roundabout wrote:Sigh, I thought to myself yesterday that I won't get involved
I don't understand your point about BMC. Does every transfer go according to expectations? Do they expect Gilbert to score 500+ (or whatever he actually scored last year) WT points every season or 3000 CQ points? Then, do you know whether BMC pays riders according to their "market value" or above it? Rumors about Van Garderen's salary suggest that it's possible that Gilbert is overpaid and BMC paying big money isn't necessarily an indication that they believe that the riders on their team will always perform to their best ability (regardless of medical support, equipment etc).
Then you write about Gilbert winning again. Are you confident that he can be head and shoulders abover the rest on the Mur again? Yes, it's possible that his performance last year was not due to doping and all the stars alligned in the right manner, but then it's quite a staggering difference between the clean Gilbert of 2011 and clean Gilbert with a toothache of 2012.
TBH I feel highly uncomfortably in the Clinic (definitely not my comfort area) but since I started this myself:
The issue being whether OPQS 2012 performance is the result of dope (the best dope that the others don't have) or not. Somebody pointed out that they (OPQS) work with the same doctor who worked with Lotto in 2011. Then I (who isn't very familiar with the dark side of the sport) became curious: if a right doctor is the only solution then why did Philippe Gilbert refuse this opportunity and joined the BMC? Quite a logical question, isn't it? Is it about the money vs the health? Everything else is assumptions since I don't know what is his current salary or how much he'd been offered in the OPQS or maybe there was something more important than money, I dunno, but now he is in BMC and his last year's doctor in the OPQS.
There are two options then:
1. Gilbert sucks further in the season and it inevitably inspires further talks about the dope no matter what is the real reason. But if this certain doctor is the best solution for a rider who want to win races, then how can it be that BMC had no idea about the nature of Phil's wins?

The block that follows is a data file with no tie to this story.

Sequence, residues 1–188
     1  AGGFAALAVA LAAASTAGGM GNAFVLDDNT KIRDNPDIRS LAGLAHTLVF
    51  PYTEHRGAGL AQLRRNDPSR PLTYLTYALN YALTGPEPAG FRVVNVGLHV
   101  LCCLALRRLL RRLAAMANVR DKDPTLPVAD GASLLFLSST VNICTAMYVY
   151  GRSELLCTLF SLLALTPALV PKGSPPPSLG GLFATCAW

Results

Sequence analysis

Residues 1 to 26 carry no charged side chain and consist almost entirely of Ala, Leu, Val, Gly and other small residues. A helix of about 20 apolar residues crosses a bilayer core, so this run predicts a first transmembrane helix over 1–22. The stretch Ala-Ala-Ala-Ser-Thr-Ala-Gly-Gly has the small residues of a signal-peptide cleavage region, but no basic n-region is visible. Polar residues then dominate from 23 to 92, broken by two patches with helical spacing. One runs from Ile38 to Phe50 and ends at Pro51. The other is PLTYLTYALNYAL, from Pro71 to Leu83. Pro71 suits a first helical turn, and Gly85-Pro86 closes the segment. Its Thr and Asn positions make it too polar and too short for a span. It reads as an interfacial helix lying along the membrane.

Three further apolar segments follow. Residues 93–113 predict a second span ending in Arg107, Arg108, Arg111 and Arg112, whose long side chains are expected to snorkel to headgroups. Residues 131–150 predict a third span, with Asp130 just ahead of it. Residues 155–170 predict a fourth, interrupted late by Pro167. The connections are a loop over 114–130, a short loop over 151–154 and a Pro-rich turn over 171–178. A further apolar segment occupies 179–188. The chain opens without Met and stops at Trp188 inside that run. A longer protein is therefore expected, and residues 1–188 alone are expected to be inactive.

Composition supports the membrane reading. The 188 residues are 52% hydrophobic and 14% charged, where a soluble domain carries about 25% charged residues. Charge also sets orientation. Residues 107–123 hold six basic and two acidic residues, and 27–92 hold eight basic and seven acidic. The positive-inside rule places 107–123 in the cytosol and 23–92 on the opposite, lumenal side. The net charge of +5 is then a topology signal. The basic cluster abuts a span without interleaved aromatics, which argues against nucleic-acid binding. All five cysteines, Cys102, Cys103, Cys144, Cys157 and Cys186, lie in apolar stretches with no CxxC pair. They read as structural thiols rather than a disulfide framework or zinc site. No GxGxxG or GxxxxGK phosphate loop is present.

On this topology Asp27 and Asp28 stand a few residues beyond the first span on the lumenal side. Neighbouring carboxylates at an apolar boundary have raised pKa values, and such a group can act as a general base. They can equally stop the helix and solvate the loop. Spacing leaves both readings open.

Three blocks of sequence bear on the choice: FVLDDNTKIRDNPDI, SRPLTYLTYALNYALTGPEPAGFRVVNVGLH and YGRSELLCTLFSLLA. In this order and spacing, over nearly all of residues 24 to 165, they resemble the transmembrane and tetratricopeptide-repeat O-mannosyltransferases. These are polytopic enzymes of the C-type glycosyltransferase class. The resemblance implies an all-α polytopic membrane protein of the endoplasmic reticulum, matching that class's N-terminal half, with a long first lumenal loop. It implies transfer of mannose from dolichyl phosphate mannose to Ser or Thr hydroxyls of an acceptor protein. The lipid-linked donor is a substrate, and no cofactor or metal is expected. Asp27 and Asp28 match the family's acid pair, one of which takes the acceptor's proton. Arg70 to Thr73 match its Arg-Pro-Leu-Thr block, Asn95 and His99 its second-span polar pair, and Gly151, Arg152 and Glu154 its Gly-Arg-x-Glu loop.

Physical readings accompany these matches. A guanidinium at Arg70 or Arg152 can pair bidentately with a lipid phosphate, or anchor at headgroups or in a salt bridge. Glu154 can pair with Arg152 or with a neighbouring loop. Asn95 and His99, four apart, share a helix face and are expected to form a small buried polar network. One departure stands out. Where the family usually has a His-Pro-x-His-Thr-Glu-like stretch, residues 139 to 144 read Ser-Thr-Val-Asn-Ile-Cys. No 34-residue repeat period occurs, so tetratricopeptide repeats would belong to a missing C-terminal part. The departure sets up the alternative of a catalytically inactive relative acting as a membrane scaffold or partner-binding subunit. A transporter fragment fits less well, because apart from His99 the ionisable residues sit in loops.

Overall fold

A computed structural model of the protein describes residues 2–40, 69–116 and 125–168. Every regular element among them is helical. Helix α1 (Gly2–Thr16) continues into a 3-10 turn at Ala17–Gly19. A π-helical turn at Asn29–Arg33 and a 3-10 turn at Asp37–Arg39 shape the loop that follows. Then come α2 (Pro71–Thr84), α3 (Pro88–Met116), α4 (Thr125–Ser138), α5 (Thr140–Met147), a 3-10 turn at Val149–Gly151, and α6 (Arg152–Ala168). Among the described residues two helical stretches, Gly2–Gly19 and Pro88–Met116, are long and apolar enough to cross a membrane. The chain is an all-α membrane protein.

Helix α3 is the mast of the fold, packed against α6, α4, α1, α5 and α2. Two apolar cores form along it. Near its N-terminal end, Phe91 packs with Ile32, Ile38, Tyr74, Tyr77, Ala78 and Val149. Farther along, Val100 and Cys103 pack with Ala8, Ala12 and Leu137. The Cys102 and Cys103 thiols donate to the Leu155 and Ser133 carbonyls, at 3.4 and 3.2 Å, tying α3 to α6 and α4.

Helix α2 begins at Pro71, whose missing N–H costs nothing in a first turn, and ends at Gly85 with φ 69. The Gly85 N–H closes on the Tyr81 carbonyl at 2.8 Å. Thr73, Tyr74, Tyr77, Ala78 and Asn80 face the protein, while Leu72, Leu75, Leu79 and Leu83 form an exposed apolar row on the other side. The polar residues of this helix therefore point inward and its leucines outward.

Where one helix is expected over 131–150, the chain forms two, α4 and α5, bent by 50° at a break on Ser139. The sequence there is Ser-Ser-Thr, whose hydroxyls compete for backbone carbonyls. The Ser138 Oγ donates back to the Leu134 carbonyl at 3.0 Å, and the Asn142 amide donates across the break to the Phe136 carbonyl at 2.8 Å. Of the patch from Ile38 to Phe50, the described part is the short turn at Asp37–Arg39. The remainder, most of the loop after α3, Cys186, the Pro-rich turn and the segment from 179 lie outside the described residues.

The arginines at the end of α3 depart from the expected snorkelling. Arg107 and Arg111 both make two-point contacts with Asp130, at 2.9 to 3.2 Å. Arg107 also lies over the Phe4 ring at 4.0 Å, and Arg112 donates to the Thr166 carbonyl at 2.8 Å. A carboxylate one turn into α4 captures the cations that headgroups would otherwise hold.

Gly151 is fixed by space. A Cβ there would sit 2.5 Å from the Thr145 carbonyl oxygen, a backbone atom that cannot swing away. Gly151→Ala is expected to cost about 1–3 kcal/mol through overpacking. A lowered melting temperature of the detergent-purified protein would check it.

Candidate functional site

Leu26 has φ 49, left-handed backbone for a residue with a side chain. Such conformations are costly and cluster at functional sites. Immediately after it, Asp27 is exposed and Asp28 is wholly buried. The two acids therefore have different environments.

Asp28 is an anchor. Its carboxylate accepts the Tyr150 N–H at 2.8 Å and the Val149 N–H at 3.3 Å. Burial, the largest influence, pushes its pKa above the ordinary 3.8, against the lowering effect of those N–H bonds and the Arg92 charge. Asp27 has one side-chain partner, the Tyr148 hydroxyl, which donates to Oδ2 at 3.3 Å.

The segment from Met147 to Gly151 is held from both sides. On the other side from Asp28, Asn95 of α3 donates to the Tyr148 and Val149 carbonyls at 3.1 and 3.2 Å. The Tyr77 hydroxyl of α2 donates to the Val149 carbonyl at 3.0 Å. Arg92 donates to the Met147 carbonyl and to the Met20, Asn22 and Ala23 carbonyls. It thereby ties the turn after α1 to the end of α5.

2. Gilbert starts winning again (I'm not talking about another best season, but, say, 2010 level). This might be a proof that the OPQS doctor is not this mysterious reason why the OPQS are winning everything or BMC have their own 'right' doctor so that OPQS and BMC are in the same conditions (they are either both dope or don't dope).
As for Roubaix
1 is very subjective especially when the winner is head and shoulders above the rest
4 is one of the reasons why the thread is still going on
5 I don't know. He was doing well everywhere including the last 15km where the remaining cobbles are easier.
6 Ballan and Flecha were more likely than Boom to bridge the gap because they have actual pedigree in Roubaix unlike Boom who killed himself with his acceleration. Boom did gain 10 seconds and then lost them. You say flat tire, I say 40km attack the vast majority of which alone. Fact is that the gap between Boonen and the first chasers only grew from the point where the chase group exploded on the Carrefour de l'Arbre to the end.
1. I should agree, it's subjective
5. In the first about 20-30km it looked like Boonen rides the same tempo on the asphalt and increases the gap on cobbles. Then I think they had simply given up.
6. I've mentioned Boom because he had attacked and gained some marginal 10sec which he had lost almost immediately but right before it he had a flat tire and it looked like a miracle that he managed to come back so I presume without the puncture he might have gained much more than 10sec. I'm not sure either of Ballan or Flecha with their 'cobbled pedigree' was stronger than Lars yesterday. One thing for sure - it was already too late in the Carrefour de l'Arbre, once the gap reached 1:00 I became sure that Boonen wins.